• 7.
    Ekstrand, Elisabeth
    et al.
    Department of Health Sciences, Lund University.
    Lexell, Jan
    Luleå tekniska universitet, Institutionen för hälsovetenskap, Hälsa och rehabilitering.
    Brogårdh, Christina
    Lund University Hospital, Skåne University Hospital, Lund, Institutionen för hälsa, vård och samhälle, Lunds universitet, Department of Health Sciences, Lund University, Department of Rehabilitation Medicine, Skåne University Hospital.
    Test-Retest Reliability and Convergent Validity of Three Manual Dexterity Measures in Persons With Chronic Stroke2016Inngår i: PM&R, ISSN 1934-1482, E-ISSN 1934-1563, Vol. 8, nr 10, s. 935-943Artikkel i tidsskrift (Fagfellevurdert)
    Abstract [en]

    Background: Decreased manual dexterity is common in persons after stroke. Different measures are used to assess manual dexterity, but a lack of knowledge exists about their reliability and how they are related. Objective: To evaluate the test-retest reliability and convergent validity of 3 manual dexterity measures after stroke. Design: A test-retest design. Setting: University Hospital. Participants: Forty-five persons (mean age 65 years) with mild-to-moderate impairments in the upper extremity at least 6 months after stroke. Main Outcome Measures: Manual dexterity was assessed on 2 occasions, 1 week apart using the Box and Block Test (BBT), the Nine-Hole Peg Test (NHPT), and the modified Sollerman Hand Function Test (mSHFT). The reliability of the BBT and NHPT was evaluated with the intraclass correlation coefficient together with systematic and random measurement errors. Reliability of the mSHFT was evaluated with the Kappa coefficient and the Svensson rank-invariant method (percent agreement and systematic and random disagreements). Convergent validity of the total scores was evaluated with the Spearman rank correlation coefficients (rho). Results: The intraclass correlation coefficient for the BBT and the NHPT ranged from 0.83 to 0.99. Significant systematic measurement errors were found for both tests and hands. The Kappa coefficient for the total sum score of the mSHFT was 0.95 for the more affected hand and 0.59 for the less affected hand. One of the 3 items showed systematic disagreements for both hands. The convergent validity (rho) for the more affected hand ranged from 0.41 (BBT versus mSHFT) to -0.68 (NHPT versus mSHFT). Conclusion: The test-retest reliability of the BBT, NHPT and mSHFT was high but all measures showed learning effects. The relationships between the 3 measures indicate that they partly complement one another. The BBT may be preferred for persons with moderate impairments of the upper extremity and the NHPT and the mSHFT for persons with milder impairments. As the mSHFT has the advantage of reflecting activities in daily life it may be a suitable alternative to the NHPT.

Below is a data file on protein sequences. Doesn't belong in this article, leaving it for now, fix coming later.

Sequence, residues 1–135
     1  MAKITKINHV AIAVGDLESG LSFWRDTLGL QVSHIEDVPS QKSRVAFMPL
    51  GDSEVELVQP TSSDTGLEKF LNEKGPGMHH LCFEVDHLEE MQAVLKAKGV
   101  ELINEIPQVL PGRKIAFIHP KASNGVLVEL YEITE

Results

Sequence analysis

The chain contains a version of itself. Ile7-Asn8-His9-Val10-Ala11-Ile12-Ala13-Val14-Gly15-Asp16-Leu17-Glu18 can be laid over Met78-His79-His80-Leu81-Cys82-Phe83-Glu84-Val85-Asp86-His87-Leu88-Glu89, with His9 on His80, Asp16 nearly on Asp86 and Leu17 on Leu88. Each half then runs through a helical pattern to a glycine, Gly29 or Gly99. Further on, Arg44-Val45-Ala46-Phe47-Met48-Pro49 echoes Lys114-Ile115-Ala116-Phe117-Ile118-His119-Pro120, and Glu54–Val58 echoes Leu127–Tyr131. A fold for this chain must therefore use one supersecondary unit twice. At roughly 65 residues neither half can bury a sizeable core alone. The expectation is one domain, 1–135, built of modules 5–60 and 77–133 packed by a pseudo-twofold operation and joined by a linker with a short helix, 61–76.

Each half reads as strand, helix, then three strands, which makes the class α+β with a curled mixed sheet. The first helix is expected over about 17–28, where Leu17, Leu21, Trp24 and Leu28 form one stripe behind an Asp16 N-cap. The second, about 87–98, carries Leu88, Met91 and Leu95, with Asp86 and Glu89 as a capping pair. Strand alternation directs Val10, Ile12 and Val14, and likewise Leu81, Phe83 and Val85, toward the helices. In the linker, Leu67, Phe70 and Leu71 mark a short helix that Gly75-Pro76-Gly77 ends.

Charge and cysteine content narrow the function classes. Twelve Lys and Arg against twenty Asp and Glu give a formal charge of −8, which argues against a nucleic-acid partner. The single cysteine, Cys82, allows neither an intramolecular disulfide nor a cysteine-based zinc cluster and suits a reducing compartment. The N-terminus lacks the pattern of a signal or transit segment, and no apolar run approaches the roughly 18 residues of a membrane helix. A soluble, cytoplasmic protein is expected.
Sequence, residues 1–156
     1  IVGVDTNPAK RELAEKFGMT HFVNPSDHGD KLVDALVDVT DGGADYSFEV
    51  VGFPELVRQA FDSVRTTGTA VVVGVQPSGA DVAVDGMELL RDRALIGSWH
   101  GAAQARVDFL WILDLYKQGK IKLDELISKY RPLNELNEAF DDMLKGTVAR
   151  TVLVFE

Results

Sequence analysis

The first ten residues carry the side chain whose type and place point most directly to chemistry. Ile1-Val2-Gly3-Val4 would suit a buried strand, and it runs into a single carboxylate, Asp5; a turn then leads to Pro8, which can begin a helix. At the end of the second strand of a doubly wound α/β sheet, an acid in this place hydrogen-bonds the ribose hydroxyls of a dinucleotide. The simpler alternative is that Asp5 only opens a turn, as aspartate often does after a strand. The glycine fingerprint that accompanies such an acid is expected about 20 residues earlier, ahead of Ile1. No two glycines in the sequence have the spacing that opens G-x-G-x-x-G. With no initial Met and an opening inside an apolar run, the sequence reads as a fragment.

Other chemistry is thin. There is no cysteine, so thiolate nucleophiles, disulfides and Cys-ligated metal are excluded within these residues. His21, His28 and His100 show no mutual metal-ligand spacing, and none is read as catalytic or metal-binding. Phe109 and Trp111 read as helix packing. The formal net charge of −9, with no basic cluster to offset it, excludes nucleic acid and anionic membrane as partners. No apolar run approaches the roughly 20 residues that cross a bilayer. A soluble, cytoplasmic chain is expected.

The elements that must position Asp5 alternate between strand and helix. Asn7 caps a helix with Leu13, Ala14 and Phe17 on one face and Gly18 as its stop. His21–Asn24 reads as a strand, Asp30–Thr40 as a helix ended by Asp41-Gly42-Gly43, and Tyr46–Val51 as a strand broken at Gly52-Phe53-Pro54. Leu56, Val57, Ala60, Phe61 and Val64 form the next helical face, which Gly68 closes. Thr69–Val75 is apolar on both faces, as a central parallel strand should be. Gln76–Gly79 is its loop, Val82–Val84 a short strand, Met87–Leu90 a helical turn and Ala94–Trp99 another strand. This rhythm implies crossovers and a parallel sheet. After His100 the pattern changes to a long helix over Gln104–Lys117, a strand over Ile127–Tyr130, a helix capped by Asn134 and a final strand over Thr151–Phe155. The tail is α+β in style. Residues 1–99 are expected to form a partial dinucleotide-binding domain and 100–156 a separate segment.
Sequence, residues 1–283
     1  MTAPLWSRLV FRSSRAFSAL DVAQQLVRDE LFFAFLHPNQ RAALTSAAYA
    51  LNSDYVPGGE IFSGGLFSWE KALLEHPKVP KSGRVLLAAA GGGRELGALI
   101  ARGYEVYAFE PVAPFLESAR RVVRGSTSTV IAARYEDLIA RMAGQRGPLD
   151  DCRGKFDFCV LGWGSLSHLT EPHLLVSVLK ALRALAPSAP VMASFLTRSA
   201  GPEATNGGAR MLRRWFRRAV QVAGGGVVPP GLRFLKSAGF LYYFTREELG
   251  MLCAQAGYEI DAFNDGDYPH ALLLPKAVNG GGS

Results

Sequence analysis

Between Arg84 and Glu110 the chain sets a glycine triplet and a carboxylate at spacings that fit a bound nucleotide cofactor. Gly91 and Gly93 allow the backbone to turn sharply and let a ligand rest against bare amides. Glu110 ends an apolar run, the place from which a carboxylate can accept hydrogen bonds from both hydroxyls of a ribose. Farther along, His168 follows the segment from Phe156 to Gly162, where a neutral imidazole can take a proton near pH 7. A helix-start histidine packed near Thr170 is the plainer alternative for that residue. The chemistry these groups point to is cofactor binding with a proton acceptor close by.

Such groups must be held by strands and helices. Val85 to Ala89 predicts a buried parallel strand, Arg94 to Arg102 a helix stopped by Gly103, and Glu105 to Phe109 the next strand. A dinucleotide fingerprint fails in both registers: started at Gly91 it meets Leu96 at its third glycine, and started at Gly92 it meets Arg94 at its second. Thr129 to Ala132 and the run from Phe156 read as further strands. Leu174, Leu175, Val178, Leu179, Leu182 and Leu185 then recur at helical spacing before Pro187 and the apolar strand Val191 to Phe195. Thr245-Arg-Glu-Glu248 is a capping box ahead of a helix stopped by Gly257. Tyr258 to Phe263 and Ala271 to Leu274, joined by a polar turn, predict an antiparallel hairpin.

• 8.
    Flansbjer, Ulla-Britt
    et al.
    Department of Clinical Sciences, Division of Rehabilitation Medicine, Lund university.
    Lexell, Jan
    Reliability of Gait Performance Tests in Individuals With Late Effects of Polio2010Inngår i: PM&R, ISSN 1934-1482, E-ISSN 1934-1563, Vol. 2, nr 2, s. 125-131, 167Artikkel i tidsskrift (Annet vitenskapelig)
    Abstract [en]

    To assess the reliability of 4 gait performance tests in individuals with late effects of polio. DESIGN: An intrarater (between occasions) test-retest reliability study. SETTINGS: University hospital. PARTICIPANTS: Thirty men and women (mean age 63 +/- 6.4 years) with clinically and electrophysiologically verified late effects of polio. INTERVENTION: Not applicable. MAIN OUTCOME MEASURES: The Timed "Up & Go" test, the Comfortable and the Fast Gait Speed tests, and the 6-Minute Walk test were assessed 7 days apart. Reliability was evaluated with the intraclass correlation coefficient (ICC(2,1)), the mean difference between the test sessions (d), and the 95% confidence intervals for d, the standard error of measurement (SEM and SEM%), the smallest real difference (SRD and SRD%) and the Bland & Altman graphs. RESULTS: Test-retest agreements were high (ICC(2,1) 0.82-0.97) and measurement errors generally small. The standard error of measurement (SEM%), representing the smallest change that indicates a real (clinical) improvement for a group of individuals, was small (4%-7%). The smallest real difference (SRD%), representing the smallest change that indicates a real (clinical) improvement for a single individual also was small (12%-21%). CONCLUSION: These commonly used gait performance tests are highly reliable and can be recommended to evaluate improvements in various aspects of gait performance in groups of individuals as well as single individuals with late effects of polio.

  • 9.
    Jörgensen, Sophie
    et al.
    Department of Health Sciences, PO Box 157, Lund University.
    Iwarsson, Susanne
    Department of Health Sciences, Lund University.
    Lexell, Jan